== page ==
Nuclear Fusion

Nuclear Fusion Will Be A Reality By 2025 – Work In Progress

Today, engineers started construction of the world’s largest nuclear fusion project in southern France with operations planned to begin in late 2025.

The project, called ITER, is an international collaborative effort between 35 countries with enormous ambitions: prove the feasibility of fusion energy with a gigantic magnetic device called a “tokamak,” as per the project’s official website.

The heart of a tokamak is its doughnut-shaped vacuum chamber.

Inside a tokamak, the energy produced through the fusion of atoms is absorbed as heat in the walls of the vessel.

Just like a conventional power plant, a fusion power plant will use this heat to produce steam and then electricity by way of turbines and generators.

The €20bn (£18.2bn) Iter project will replicate the reactions that power the sun and is intended to demonstrate fusion power can be generated on a commercial scale.

Nuclear fusion promises clean, unlimited power but, despite 60 years of research, it has yet to overcome the technical challenges of harnessing such extreme amounts of energy.

Millions of components will be used to assemble the giant reactor, which will weigh 23,000 tonnes and the project is the most complex engineering endeavour in history.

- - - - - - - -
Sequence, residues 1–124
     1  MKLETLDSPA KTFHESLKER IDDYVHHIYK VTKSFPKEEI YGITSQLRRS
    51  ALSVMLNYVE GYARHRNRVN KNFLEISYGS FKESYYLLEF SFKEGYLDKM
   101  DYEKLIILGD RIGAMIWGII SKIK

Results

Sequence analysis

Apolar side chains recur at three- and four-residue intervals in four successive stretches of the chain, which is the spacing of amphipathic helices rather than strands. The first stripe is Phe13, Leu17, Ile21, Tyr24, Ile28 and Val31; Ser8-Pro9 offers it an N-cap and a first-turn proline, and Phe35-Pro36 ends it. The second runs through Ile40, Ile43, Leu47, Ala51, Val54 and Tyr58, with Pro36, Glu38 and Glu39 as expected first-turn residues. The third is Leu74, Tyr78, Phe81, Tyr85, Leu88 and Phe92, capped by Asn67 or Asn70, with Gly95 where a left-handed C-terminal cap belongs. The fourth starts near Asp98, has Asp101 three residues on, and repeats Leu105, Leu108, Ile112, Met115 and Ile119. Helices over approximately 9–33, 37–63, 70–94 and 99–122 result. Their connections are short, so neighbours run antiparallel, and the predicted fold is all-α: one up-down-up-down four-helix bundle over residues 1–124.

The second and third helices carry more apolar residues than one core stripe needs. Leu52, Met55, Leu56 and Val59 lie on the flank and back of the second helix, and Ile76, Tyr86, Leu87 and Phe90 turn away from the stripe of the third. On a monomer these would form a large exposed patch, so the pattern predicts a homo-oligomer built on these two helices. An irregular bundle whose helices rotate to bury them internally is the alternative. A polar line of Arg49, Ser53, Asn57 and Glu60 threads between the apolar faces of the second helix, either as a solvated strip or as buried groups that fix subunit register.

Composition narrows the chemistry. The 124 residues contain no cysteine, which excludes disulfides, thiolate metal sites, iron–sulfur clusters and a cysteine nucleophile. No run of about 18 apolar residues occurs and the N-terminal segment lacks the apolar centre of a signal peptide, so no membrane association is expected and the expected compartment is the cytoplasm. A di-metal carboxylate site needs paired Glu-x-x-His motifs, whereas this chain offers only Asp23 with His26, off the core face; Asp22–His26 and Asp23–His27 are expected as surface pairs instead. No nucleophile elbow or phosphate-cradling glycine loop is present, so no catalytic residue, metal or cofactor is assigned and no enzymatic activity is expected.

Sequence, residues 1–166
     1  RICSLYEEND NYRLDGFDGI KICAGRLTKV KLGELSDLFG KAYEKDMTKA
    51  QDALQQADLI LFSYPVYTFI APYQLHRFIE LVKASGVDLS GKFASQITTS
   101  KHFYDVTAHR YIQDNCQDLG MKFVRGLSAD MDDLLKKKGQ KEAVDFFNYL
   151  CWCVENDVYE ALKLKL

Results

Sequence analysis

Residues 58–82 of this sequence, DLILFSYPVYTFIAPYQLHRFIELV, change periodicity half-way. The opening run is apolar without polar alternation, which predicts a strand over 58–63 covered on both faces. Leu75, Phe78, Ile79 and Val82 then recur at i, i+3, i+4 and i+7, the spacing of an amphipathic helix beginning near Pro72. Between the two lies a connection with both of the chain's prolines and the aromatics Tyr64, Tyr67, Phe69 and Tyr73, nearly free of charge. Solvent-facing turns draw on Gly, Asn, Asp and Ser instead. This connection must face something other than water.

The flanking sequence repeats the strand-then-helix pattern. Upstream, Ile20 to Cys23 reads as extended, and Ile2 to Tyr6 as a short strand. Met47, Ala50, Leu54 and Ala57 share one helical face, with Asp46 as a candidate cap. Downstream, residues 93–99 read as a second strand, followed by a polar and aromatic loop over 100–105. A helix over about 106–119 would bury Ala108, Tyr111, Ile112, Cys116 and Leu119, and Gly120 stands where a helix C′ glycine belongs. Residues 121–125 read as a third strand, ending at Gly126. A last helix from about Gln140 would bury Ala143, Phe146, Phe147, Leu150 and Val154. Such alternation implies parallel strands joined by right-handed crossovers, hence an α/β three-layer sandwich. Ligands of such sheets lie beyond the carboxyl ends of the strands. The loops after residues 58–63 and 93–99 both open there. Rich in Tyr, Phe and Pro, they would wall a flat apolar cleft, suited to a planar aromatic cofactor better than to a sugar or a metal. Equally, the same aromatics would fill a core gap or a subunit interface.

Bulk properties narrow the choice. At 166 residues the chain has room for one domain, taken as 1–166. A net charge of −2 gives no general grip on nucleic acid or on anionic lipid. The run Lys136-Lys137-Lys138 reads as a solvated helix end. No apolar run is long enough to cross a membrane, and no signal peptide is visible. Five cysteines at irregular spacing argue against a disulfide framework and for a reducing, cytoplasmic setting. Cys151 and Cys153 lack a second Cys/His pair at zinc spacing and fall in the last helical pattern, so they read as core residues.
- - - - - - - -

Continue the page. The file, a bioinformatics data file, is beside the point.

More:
Almost 3,000 tonnes of superconducting magnets, some heavier than a jumbo jet, will be connected by 200km of superconducting cables, all kept at -269C by the world’s largest cryogenic plant.

Temperatures would reach ten times the temperature of the center of the Sun, according to ITER. By producing self-heating plasma, the team is expecting to generate ten times the heat than the input amount.

In other words, the team wants to generate 500 megawatts — just shy of the output of the smallest currently active American nuclear power plant — from an input of just 50 megawatts.

This may be an massive international effort to make fusion energy a reality, but it’s not the only one. A large number of fusion startups in the US and abroad are trying to turn it into a commercially viable source of energy as well.

Reference- The Guardian, ITER website, Futurism, BBC